Some people treated with SIMPONI® have developed certain kinds of skin cancer. If any changes in the appearance of your skin or growths on your skin occur during or after your treatment with SIMPONI®, tell your doctor.

    USE WITH OTHER DRUGS

    Tell your doctor about all the medications you take including ORENCIA (abatacept), KINERET (anakinra), ACTEMRA (tocilizumab), RITUXAN (rituximab), or another TNF blocker, or if you are scheduled to or recently received a vaccine. People taking SIMPONI® should not receive live vaccines or treatment with a weakened bacteria (such as BCG for bladder cancer).

    HEPATITIS B INFECTION

    Reactivation of hepatitis B virus has been reported in patients who are carriers of this virus and are taking TNF-blocker medicines, such as SIMPONI®. Some of these cases have been fatal. Your doctor should do blood tests before and after you start treatment with SIMPONI®. Tell your doctor if you know or think you may be a carrier of hepatitis B virus or if you experience signs of hepatitis B infection, such as:

    • feel very tired

    • dark urine

    • skin or eyes look yellow

    • little or no appetite

    • vomiting

    • muscle aches

    • clay-colored bowel movements

    • fevers

    • chills

    • stomach discomfort

    • skin rash

     
    HEART FAILURE

    Heart failure can occur or get worse in people who use TNF blockers, including SIMPONI®. If you develop new or worsening heart failure with SIMPONI®, you may need treatment in a hospital, and it may result in death. Your doctor will closely monitor you if you have heart failure. Tell your doctor right away if you get new or worsening symptoms of heart failure like shortness of breath, swelling of your lower legs or feet, or sudden weight gain.

    NERVOUS SYSTEM PROBLEMS

    Rarely, people using TNF blockers, including SIMPONI®, can have nervous system problems such as multiple sclerosis or Guillain-Barré syndrome. Tell your doctor right away if you have symptoms like vision changes, weakness in your arms or legs, or numbness or tingling in any part of your body.

    IMMUNE SYSTEM PROBLEMS

    Rarely, people using TNF blockers have developed lupus-like symptoms. Tell your doctor if you have any symptoms such as a rash on your cheeks or other parts of the body, sensitivity to the sun, new joint or muscle pain, becoming very tired, chest pain or shortness of breath, swelling of the feet, ankles, and/or legs.

    LIVER PROBLEMS

    Serious liver problems can happen in people using TNF blockers, including SIMPONI®. Contact your doctor immediately if you develop symptoms such as feeling very tired, skin or eyes look yellow, poor appetite or vomiting, or pain on the right side of your stomach.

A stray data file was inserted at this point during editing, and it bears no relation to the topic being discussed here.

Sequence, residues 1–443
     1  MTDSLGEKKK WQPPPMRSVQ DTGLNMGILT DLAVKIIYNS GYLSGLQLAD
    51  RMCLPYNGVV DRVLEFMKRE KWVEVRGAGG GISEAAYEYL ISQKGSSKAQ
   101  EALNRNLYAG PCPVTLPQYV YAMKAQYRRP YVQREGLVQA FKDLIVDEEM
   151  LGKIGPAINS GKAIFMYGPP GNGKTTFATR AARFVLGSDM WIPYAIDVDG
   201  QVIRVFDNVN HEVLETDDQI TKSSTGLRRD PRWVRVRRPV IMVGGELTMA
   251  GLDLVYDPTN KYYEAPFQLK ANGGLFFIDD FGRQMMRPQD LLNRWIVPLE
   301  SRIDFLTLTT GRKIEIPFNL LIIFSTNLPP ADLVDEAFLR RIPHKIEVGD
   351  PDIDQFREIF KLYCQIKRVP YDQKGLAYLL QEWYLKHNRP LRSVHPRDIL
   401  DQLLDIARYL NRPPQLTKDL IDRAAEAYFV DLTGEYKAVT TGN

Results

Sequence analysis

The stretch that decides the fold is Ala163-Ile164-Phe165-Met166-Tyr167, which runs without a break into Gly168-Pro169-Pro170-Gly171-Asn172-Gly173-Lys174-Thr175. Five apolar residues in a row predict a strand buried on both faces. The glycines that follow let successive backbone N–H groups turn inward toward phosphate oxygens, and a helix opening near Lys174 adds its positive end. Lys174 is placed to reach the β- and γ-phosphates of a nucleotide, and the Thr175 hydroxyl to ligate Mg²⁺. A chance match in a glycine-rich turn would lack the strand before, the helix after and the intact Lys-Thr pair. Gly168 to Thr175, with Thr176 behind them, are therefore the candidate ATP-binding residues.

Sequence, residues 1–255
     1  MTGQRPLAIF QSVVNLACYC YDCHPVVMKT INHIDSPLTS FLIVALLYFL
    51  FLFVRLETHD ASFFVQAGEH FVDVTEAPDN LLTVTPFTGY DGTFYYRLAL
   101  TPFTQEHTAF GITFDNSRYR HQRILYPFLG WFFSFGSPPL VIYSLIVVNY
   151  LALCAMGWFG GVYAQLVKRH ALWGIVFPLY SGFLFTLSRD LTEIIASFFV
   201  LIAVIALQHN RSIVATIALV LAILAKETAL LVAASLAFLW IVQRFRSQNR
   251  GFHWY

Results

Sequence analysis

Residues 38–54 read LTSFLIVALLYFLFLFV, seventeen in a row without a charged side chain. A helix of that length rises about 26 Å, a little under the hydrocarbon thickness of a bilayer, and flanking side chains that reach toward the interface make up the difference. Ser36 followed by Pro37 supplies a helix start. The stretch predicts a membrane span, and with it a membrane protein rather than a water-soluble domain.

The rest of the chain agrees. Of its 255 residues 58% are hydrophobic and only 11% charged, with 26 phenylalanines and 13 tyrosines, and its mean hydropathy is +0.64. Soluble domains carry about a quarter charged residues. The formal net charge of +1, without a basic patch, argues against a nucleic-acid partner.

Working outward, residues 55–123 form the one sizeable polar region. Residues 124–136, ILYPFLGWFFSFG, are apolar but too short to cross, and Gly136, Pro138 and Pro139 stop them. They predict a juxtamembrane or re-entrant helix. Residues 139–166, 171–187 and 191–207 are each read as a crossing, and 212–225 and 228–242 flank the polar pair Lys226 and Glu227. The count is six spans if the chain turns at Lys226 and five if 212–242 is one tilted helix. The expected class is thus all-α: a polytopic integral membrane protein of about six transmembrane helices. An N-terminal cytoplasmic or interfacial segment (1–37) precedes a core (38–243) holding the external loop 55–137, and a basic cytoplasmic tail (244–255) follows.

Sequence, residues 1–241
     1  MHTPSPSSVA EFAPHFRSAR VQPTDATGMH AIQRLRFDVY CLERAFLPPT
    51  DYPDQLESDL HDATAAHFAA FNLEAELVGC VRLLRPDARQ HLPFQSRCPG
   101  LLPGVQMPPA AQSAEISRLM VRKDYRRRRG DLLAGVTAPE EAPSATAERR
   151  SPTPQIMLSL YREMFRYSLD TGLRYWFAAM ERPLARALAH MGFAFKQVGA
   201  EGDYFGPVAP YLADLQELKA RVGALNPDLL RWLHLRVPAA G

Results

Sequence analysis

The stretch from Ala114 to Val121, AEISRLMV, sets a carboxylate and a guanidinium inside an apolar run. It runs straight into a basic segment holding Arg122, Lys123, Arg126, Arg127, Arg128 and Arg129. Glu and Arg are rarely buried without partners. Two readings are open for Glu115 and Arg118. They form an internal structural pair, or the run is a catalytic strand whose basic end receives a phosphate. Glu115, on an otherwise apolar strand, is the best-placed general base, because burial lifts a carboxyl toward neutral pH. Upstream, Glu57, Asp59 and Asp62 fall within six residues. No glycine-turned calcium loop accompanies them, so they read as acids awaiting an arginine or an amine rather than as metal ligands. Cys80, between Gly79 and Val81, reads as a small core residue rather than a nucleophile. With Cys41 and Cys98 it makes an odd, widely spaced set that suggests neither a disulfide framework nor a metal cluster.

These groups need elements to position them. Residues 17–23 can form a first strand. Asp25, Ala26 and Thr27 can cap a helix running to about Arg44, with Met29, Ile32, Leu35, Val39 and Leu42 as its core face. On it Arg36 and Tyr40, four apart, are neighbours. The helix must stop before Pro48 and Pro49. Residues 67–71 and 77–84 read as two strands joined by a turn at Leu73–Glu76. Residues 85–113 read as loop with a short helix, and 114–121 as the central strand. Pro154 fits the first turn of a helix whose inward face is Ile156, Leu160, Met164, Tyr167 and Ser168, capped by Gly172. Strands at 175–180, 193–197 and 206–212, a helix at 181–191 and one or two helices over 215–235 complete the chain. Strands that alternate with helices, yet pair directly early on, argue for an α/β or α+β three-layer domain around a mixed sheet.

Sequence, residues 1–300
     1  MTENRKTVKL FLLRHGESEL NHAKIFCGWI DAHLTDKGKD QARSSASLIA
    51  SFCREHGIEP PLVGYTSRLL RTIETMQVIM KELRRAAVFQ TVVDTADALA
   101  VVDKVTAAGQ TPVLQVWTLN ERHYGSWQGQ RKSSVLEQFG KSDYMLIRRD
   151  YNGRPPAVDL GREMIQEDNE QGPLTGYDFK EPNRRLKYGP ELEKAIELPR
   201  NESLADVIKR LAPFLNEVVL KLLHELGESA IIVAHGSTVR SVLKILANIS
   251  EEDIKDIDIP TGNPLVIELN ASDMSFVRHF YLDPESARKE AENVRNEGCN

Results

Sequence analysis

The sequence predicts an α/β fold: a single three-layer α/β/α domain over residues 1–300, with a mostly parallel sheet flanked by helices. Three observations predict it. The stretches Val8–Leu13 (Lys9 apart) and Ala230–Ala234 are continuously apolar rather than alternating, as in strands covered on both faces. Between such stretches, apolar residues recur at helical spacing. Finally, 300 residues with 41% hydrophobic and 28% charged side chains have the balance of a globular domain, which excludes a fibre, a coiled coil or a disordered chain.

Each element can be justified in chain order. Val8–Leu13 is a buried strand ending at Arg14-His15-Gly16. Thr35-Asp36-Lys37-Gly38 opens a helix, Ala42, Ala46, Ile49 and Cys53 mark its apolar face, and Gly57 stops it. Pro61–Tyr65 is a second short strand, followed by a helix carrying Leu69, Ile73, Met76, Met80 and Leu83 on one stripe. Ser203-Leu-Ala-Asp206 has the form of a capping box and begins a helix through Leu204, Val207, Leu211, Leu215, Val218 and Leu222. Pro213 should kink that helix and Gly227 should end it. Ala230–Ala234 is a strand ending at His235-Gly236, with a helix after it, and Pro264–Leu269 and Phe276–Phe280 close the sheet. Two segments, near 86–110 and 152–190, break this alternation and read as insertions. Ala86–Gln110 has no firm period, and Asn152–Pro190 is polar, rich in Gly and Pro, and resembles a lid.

BLOOD PROBLEMS

    Low blood counts have been seen with people using TNF blockers, including SIMPONI®. If this occurs, your body may not make enough blood cells to help fight infections or help stop bleeding. Your doctor will check your blood counts before and during treatment. Tell your doctor if you have signs such as fever, bruising, bleeding easily, or paleness.

    OTHER CONSIDERATIONS TO TELL YOUR DOCTOR

    Tell your doctor if you are allergic to rubber or latex. The needle cover contains dry natural rubber.

    Tell your doctor if you are pregnant, planning to become pregnant or are breastfeeding or have a baby and were using SIMPONI® during pregnancy. Tell your baby's doctor before your baby receives any vaccine because of an increased risk of infection for up to 6 months after birth.

    ALLERGIC REACTIONS

    Allergic reactions can happen in people who use TNF-blocker medicines, including SIMPONI®. Tell your doctor if you have any symptoms of an allergic reaction while taking SIMPONI® such as hives, swollen face, breathing trouble, or chest pain. Some reactions can be serious and life-threatening.

    Common side effects of SIMPONI® include: upper respiratory tract infection, reaction at site of injection, and viral infections.

    PSORIASIS

    New or worse psoriasis symptoms may occur. Tell your doctor if you develop red scaly patches or raised bumps that are filled with pus.

    Please read the full Prescribing Information and Medication Guide for SIMPONI® and discuss any questions you have with your doctor.

    You are encouraged to report negative side effects of prescription drugs to the FDA. Visit www.fda.gov/medwatch, or call 1-800-FDA-1088.

    042501-151027